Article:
The pagan origins of Halloween (or "elements," at least; see below) are so palpable that there is little wonder the holiday has generated considerable controversy. Falling on October 31, Halloween history tells us that this celebration is only the herald of the holiday that medieval Christian Europeans were intended to celebrate -- All Saints' Day, November 1.
And thus the story behind the term itself, which is short for "the eve before All Hallows' Day," the latter referring to the fact that saints of Christianity were "hallowed" individuals. Some have argued that the Church decided All Saints' Day should fall on November 1 to make it coincide with its precursor, Samhain, the observance of which involved honoring dead ancestors. The proponents of this argument submit that, by overwriting the pagan origins of Halloween, perhaps the new religion could steal some thunder from their lingering influence in Europe.
All Saints' Day was instituted as a holiday in the year A.D. 609 (initially celebrated in May, it was later moved to the November 1 date). And what is the origin of All Souls' Day, which is a distinct holiday? On All Souls' Day Catholics are encouraged to pray for the souls in purgatory. In terms of the date of the holiday, it followed a path similar to that of All Saints' Day: it had been around in some form for quite some time before its official date was moved to November 2. Again, some would speculate that the move to a date so close to Samhain wasn't entirely coincidental.
It's important to learn more about this Samhain if you're interested in arguments for the pagan origins of Halloween. It was a Celtic festival of the harvest. The Celts had celebrated Samhain on November 1. They had inhabited large portions of Western Europe throughout ancient times. The Celts are perhaps most widely recognized for having been the people Julius Caesar fought in what is now France in his famous Gallic Wars (58-50 B.C.).
Incidentally, despite this ancient French connection, it is only very recently that France has begun to celebrate the spooky holiday, replete with the delights derived from dressing up in scary or bizarre costumes. About's French Language Guide, Laura K. Lawless, informs us about Halloween history in France.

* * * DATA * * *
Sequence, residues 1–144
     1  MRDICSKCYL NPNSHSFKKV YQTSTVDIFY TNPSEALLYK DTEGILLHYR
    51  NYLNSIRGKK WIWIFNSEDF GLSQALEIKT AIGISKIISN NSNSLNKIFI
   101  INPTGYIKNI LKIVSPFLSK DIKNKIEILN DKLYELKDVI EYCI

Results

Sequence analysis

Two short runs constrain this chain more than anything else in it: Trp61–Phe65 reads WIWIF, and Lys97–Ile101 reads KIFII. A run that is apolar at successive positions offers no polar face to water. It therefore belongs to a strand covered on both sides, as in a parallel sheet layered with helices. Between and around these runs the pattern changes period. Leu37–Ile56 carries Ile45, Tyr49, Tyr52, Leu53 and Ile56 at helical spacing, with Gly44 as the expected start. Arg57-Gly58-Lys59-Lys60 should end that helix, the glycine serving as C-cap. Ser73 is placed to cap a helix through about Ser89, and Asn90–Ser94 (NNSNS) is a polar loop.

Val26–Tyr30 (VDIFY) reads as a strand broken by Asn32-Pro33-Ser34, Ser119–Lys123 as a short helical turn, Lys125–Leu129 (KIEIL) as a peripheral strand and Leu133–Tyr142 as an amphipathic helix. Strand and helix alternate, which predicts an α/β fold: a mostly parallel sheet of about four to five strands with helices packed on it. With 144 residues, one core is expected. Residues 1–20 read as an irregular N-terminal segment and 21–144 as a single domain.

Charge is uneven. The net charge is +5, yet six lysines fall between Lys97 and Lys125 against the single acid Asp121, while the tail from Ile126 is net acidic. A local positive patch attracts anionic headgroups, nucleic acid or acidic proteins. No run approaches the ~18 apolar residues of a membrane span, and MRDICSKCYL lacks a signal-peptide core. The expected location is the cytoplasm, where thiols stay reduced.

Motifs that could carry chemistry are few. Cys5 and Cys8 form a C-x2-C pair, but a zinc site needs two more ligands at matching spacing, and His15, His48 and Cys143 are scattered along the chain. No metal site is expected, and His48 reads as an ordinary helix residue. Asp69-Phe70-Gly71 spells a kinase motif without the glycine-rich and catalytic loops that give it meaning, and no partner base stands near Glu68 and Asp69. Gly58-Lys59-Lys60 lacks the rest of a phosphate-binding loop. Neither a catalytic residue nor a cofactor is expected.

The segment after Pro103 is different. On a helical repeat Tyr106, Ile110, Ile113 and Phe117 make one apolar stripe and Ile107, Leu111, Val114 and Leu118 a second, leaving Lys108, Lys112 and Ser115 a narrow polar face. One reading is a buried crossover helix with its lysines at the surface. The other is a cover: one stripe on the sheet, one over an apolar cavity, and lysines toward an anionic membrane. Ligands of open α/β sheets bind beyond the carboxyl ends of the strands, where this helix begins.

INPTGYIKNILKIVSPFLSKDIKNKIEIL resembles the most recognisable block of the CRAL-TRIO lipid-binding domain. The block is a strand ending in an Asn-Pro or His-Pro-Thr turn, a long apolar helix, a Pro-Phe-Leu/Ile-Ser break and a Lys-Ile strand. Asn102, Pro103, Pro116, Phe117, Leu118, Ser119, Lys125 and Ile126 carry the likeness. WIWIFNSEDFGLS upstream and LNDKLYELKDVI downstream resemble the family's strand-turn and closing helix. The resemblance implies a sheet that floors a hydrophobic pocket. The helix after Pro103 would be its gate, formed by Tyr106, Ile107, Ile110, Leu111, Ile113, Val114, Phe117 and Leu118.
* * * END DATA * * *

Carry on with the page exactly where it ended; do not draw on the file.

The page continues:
Pagan Origins of Halloween: a Question of Semantics?
What of the argument above regarding the Church's intentions? Is this interpretation of history correct? I don't know, because I wasn't there. And intentions can be very difficult to fathom. A better question would be, Is the argument plausible? And I think it is.
It's plausible that, drawing on Celtic traditions, some lay people could have continued to evince interest in honoring dead ancestors (as the pagans had) long after the triumph of Christianity. Old ways die hard. It's also plausible that the Church would try to counteract such recidivism by juxtaposing their own holidays in honor of the dead.
Even if this interpretation of Church history is incorrect, Halloween as it is celebrated today -- with its very un-Christian witches and black cats -- clearly betrays pagan origins or, at the very least, "elements." The Catholic Education Research Center (CERC) says that the Catholic holidays in question evolved independently, but even they remark that "elements of pagan practices were perhaps 'baptized' by some cultures or attached themselves to the celebration of All Saints and All Souls."
In the end, the question, "Does Halloween have pagan origins?" may come down to semantics. Obviously, there would not be a 21st-century holiday named "Halloween" if not for All Saints' Day. But that's not the issue. The salient questions are:
- Somewhere along the line (be it at the beginning, middle or end), does paganism factor into Halloween?
- And if so, when?
I think the answer to #1 is yes (and probably at multiple points). I'll leave it to historians to figure out the answer to #2.
In the modern celebration of Halloween in the U.S., most people essentially enjoy the aspects of the holiday that derive from the pagan origins of Halloween -- albeit with a secular mindset -- as evidenced by the decorations and costumes for which it is famous. Some die-hards of Christianity, however, vehemently oppose the holiday. Nonetheless, the holiday celebrated by the great majority of people today is one of our most fun-loving holidays. It has nothing to do with nationhood and has lost its religious significance for most people. We celebrate it simply because it is enjoyable to do so.
For lovers of fall foliage and the bounty of the garden harvest, decorating the yard during this season holds an earthy pleasure that no other holiday can match. And in northern climes it is the last holiday of the year graced by live plants in the garden. Thus on Page 2 we move from the pagan origins of Halloween to outdoor decorations for fall....